3. Keeler, Theodore E. & Hu, Teh-wei & Barnett, Paul G. & Manning, Willard G. & Sung, Hai-Yen, 1996. "Do cigarette producers price-discriminate by state? An empirical analysis of local cigarette pricing and taxation," Journal of Health Economics, Elsevier, vol. 15(4), pages 499-512, August.
  4. Sumner, Daniel A, 1981. "Measurement of Monopoly Behavior: An Application to the Cigarette Industry," Journal of Political Economy, University of Chicago Press, vol. 89(5), pages 1010-19, October.
  5. Currie, Janet & Gruber, Jonathan, 1996. "Saving Babies: The Efficacy and Cost of Recent Changes in the Medicaid Eligibility of Pregnant Women," Journal of Political Economy, University of Chicago Press, vol. 104(6), pages 1263-96, December.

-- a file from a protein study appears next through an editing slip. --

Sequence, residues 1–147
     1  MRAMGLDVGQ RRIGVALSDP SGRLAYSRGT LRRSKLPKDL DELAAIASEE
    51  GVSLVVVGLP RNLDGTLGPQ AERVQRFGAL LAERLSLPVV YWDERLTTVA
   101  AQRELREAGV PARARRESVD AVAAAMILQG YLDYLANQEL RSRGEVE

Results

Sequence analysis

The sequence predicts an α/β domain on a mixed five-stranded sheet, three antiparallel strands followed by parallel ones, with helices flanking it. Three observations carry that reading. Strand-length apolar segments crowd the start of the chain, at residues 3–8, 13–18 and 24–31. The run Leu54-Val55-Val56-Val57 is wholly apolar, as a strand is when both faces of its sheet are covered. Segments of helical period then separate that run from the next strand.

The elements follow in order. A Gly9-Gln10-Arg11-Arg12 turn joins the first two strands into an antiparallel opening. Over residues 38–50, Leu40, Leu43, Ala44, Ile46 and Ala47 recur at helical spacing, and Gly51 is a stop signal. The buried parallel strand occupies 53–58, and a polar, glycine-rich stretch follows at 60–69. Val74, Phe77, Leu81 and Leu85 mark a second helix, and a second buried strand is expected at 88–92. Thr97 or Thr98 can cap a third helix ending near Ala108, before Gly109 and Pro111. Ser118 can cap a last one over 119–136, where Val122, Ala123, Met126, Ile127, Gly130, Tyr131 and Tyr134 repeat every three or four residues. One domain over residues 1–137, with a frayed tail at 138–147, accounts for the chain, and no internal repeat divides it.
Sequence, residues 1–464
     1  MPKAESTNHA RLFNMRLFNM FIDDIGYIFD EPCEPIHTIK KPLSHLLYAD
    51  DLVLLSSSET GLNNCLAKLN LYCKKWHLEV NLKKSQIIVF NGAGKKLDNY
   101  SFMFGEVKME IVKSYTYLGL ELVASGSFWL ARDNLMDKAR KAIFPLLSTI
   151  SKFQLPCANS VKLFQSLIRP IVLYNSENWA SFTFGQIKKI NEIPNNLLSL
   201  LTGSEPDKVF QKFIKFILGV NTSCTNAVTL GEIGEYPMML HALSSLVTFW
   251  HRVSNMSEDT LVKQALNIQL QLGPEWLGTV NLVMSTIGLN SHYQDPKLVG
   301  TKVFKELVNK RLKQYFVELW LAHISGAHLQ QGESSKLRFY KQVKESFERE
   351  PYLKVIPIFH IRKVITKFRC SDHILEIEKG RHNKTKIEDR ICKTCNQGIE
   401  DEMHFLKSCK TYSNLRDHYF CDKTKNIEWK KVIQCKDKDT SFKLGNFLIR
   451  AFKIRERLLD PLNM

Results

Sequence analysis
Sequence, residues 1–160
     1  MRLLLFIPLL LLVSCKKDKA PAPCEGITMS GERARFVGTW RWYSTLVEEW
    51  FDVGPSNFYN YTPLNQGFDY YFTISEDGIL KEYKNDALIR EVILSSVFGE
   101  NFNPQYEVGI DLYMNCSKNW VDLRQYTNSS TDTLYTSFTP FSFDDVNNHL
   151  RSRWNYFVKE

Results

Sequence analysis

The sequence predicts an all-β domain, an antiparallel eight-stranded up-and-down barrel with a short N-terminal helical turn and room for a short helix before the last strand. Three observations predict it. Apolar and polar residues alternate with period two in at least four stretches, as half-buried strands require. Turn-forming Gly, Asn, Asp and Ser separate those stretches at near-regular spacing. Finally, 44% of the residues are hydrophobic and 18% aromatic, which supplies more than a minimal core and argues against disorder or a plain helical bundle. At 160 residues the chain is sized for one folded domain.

6. Angrist, Joshua D, 1990. "Lifetime Earnings and the Vietnam Era Draft Lottery: Evidence from Social Security Administrative Records," American Economic Review, American Economic Association, vol. 80(3), pages 313-36, June.
  7. Stern, Nicholas, 1987. "The effects of taxation, price control and government contracts in oligopoly and monopolistic competition," Journal of Public Economics, Elsevier, vol. 32(2), pages 133-158, March.
  8. Imbens, Guido W & Angrist, Joshua D, 1994. "Identification and Estimation of Local Average Treatment Effects," Econometrica, Econometric Society, vol. 62(2), pages 467-75, March.
  9. Mark J. Roberts & Larry Samuelson, 1988. "An Empirical Analysis of Dynamic, Nonprice Competition in an Oligopolistic Industry," RAND Journal of Economics, The RAND Corporation, vol. 19(2), pages 200-220, Summer.